“Policy wise, I agree with [SJR 1]. The question is: who’s going to make that decision?” Senate Minority Leader Greg Taylor asked reporters last week.
“As we’ve seen over the history of any type of public policy that has these types of subjective criteria, people who look like me seem to be on the bottom end of the of the scale,” Taylor, who is Black, said.
Garrett, of the NAACP, said he didn’t think judges would go as far as to discriminate based on race. But, he said, “Most judges are elected. Prosectors are elected.”
He argued that neither would want voters to consider them “soft on crime,” and would instead be motivated to minimize the potential for people to commit additional crimes while out on bail.
Koch, asked how he might ensure SJR 1 is applied consistently, said Hoosiers should trust their judges.
“We’re relying on and trusting the good discretion of our trial court judges, who will make those decisions on a case by case basis,” he told the Capital Chronicle.
Murrie, meanwhile, said SJR 1’s intent was not to “deteriorate” the rights of arrestees but to “increase the safety of everyone else.”
There’s a long road ahead for SJR 1.
Because it seeks to change Indiana’s Constitution, two successive general assemblies must approve it: this session, and after a new legislature takes office in 2025.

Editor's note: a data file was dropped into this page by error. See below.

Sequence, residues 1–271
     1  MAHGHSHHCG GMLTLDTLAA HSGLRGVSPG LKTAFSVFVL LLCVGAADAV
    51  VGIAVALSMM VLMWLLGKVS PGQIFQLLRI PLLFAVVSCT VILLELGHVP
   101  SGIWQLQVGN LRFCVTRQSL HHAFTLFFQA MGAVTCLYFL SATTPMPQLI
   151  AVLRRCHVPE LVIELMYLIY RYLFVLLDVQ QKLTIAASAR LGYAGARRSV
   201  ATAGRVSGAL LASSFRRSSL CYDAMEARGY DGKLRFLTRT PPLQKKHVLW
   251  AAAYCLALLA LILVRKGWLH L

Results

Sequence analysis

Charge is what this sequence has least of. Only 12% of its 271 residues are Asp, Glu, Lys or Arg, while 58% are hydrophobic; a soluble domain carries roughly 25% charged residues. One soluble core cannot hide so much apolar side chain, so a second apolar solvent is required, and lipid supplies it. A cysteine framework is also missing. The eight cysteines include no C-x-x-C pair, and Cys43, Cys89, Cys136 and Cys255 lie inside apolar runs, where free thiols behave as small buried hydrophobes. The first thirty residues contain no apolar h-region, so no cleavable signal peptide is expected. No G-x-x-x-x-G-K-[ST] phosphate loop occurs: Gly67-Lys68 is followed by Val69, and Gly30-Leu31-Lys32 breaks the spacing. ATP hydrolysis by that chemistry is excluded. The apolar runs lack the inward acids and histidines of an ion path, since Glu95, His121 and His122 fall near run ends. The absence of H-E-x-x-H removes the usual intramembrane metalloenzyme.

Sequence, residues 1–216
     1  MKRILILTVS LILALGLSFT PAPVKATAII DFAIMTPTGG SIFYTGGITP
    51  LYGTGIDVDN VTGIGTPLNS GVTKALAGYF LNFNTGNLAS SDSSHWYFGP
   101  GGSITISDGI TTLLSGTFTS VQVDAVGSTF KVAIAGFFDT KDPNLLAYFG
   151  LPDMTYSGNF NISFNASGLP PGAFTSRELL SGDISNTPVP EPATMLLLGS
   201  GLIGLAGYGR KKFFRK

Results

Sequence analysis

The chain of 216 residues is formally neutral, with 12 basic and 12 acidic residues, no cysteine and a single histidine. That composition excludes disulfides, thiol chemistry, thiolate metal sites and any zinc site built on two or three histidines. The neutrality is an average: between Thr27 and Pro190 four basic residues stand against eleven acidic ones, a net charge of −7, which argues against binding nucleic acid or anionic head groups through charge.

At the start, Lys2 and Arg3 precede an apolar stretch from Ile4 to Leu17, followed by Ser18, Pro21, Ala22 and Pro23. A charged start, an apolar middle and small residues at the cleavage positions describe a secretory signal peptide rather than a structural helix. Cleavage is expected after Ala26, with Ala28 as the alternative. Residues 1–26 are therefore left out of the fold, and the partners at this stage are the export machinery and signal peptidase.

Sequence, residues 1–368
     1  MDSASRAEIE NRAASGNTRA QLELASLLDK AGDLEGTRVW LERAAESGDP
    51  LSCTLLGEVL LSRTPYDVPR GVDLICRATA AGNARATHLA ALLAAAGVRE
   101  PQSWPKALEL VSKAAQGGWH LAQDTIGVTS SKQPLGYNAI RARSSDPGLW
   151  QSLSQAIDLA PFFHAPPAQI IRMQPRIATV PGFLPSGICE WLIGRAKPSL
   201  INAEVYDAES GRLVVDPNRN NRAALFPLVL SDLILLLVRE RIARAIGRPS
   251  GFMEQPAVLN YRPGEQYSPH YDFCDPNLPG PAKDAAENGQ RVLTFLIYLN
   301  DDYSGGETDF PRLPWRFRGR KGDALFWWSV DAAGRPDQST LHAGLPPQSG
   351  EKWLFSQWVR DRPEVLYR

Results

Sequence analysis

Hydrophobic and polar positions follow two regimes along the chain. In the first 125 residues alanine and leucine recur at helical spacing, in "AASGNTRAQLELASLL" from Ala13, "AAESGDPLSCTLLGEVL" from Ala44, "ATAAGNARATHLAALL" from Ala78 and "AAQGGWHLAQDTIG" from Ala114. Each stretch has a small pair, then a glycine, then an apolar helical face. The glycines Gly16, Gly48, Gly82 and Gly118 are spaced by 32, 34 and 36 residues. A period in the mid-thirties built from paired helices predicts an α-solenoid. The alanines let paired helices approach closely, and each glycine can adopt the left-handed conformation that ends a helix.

Then, it would go to ballots in 2026. A majority of Hoosiers would need to support SJR 1 for it to take effect.
Its first hearing is scheduled for Tuesday.
HUNTINGBURG — Memorial Hospital and Health Care Center is excited to bring back the original, in-person Women of the Heartland program for 2023 this March.
Women of the Heartland is devoted to promoting women’s health by sharing important information on women’s health topics. This year’s topics include “Trust Your Gut: A Surgeon’s Perspective on Commonplace Gut Pathologies,” “To Pee or Not to Pee — That is the Question,” and “Radiation Oncology — The Star Wars of Modern Medicine.” Join General Surgeons Dr. Andreas Henning and Dr. Joanne Leibe, Urologist Dr. Amit Chakrabarty, and Radiation Oncologist Dr. Kevin Schewe as they share their knowledge during this special morning devoted to women’s health! Dr. Adam Dawkins will emcee the event.